As a fat person, I am supposed to fuck conventional beauty standards and embrace my sexiness. As a mixed-race person of Asian descent, I am supposed to fuck my internalized racism and embrace and reclaim my culture. But how do those two narratives of self-love play off of each other and possibly even oppose each other? And where does my gender identification fit into my culture? There is also my gender dysphoria, which often has roots in my fat distribution (i.e. carrying more weight in my breasts, hips, etc. and only being read as a woman). And how might this be different when we take into account (dis)ability? It’s a bit of an intersectional mess.

We can see that it is nearly impossible for many individuals to pick apart the roots of their unhappiness with their bodies- and learning self-love is not always the commonly validated choice. The problem is reconciliation between the bodies we want, the bodies we could feasibly have, and the bodies we have now. Where self-confidence lies on that spectrum varies by individual, but we must always be mindful and critical of where our body insecurities may be coming from.

Perhaps we should set aside the message of “learning to love our bodies” and open more discussions about “unlearning body hate” in all forms. This means not only being critical of how we feel about our own bodies, but how we feel and react to all bodies. It means critiquing misogynistic, racist, ableist, capitalistic, classist, and cissexist ideals of beauty. It means discerning between having personal preferences and assuming that everyone shares those preferences. It means critical consumption of media. It means learning to appreciate all bodies, not just our own, and adopting a stance against body hate as a life-long, collective process. It means no one should have to be alone in loving their body.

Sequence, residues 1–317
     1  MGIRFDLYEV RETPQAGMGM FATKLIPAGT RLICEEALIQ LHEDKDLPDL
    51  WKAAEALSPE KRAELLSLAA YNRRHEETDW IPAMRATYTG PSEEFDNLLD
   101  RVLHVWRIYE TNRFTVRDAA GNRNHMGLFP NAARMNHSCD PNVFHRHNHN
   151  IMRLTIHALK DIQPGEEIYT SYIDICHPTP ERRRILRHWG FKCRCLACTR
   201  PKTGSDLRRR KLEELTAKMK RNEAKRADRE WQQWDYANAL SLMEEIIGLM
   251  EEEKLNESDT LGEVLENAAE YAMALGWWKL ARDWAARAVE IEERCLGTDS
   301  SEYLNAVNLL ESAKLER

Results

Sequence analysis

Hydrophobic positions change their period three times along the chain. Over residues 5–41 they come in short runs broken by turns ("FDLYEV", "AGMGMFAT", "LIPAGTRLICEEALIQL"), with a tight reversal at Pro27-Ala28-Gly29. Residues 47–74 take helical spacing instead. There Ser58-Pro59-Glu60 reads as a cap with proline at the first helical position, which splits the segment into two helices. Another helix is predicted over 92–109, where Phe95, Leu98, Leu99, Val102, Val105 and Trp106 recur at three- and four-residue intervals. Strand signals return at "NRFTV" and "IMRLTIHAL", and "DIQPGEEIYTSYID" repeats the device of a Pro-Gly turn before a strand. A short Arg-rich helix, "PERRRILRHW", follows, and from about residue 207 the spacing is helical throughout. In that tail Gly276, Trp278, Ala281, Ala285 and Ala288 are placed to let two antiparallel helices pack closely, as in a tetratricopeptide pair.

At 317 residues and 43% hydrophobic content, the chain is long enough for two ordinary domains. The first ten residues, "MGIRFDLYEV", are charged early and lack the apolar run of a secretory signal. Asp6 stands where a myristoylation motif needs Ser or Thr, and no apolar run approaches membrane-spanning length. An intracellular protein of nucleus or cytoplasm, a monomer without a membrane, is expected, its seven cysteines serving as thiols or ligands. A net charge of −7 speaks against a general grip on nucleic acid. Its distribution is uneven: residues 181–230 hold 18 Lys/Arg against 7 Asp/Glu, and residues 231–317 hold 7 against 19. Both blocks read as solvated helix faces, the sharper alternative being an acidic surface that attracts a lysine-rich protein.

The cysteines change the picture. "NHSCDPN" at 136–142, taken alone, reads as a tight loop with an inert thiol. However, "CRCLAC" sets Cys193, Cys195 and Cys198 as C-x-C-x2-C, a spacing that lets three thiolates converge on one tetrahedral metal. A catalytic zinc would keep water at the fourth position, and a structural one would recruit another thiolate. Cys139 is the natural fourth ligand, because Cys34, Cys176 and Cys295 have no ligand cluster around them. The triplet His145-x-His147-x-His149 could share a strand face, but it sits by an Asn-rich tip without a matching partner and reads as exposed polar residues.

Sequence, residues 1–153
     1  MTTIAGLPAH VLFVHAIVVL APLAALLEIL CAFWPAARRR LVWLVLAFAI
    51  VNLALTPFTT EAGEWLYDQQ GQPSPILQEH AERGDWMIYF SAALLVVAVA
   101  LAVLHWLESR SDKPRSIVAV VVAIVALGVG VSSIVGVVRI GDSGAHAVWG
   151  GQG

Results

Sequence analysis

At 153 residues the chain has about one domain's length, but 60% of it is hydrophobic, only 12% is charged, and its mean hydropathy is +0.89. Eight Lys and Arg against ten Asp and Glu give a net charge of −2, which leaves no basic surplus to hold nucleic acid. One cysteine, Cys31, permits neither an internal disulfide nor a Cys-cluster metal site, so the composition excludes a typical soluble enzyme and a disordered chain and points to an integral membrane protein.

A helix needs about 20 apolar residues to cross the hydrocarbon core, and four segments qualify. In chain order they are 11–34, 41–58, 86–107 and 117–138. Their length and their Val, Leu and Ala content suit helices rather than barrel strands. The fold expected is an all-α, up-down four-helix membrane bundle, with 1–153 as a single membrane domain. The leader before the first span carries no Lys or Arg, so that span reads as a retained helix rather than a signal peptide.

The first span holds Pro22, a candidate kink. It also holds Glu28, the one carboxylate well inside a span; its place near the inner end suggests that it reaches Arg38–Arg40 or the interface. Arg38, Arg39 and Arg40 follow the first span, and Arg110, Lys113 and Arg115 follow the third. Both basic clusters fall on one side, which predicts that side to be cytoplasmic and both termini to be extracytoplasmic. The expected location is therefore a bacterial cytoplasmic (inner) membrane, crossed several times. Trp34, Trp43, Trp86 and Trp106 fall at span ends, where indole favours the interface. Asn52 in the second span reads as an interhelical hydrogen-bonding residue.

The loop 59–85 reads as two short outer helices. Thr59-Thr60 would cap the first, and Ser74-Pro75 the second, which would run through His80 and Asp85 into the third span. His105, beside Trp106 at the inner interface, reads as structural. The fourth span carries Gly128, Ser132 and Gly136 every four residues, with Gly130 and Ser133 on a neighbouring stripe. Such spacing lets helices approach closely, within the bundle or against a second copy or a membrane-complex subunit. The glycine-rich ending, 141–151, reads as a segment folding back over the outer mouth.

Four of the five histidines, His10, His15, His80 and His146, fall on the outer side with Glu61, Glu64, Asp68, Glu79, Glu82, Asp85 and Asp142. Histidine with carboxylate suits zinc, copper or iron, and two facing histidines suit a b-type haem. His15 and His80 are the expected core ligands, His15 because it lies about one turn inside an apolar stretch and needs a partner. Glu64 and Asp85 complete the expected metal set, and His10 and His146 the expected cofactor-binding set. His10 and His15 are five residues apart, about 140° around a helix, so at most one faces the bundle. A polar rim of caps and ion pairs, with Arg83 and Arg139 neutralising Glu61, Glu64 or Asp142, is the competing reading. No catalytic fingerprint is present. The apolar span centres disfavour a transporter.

(Source: fauxromantics)


It’s difficult for me to comprehend how many pizzas I want to buy you. 

(via snaildweeb)

"The problem is that white people see racism as conscious hate, when racism is bigger than that. Racism is a complex system of social and political levers and pulleys set up generations ago to continue working on the behalf of whites at other people’s expense, whether whites know/like it or not. Racism is an insidious cultural disease. It is so insidious that it doesn’t care if you are a white person who likes black people; it’s still going to find a way to infect how you deal with people who don’t look like you. Yes, racism looks like hate, but hate is just one manifestation. Privilege is another. Access is another. Ignorance is another. Apathy is another. And so on. So while I agree with people who say no one is born racist, it remains a powerful system that we’re immediately born into. It’s like being born into air: you take it in as soon as you breathe. It’s not a cold that you can get over. There is no anti-racist certification class. It’s a set of socioeconomic traps and cultural values that are fired up every time we interact with the world. It is a thing you have to keep scooping out of the boat of your life to keep from drowning in it. I know it’s hard work, but it’s the price you pay for owning everything."
- Scott Wood (X)

(Source: luvyourselfsomeesteem, via weareallmixedup)


I once told a joke about a straight person.

They came after me in droves.

Each one singing the same:

Don’t fight fire with fire.


What they mean is: Don’t fight fire with anything.

Do not fight fire with water.

Do not fight fire with foam.

Do not evacuate the people.

Do not sound the alarms.

Do not crawl coughing and choking and spluttering to safety.

Do not barricade the door with damp towels.

Do not wave a white flag out of the window.

Do not take the plunge from several storeys up.

Do not shed a tear for your lover trapped behind a wall of flame.

Do not curse the combination of fuel, heat, and oxygen.

Do not ask why the fire fighters are not coming.


When they say: Don’t fight fire with fire.

What they mean is: Stand and burn.

- Stand and Burn by Claudia Boleyn.  (via claudiaboleyn)

(via veganweedsoup)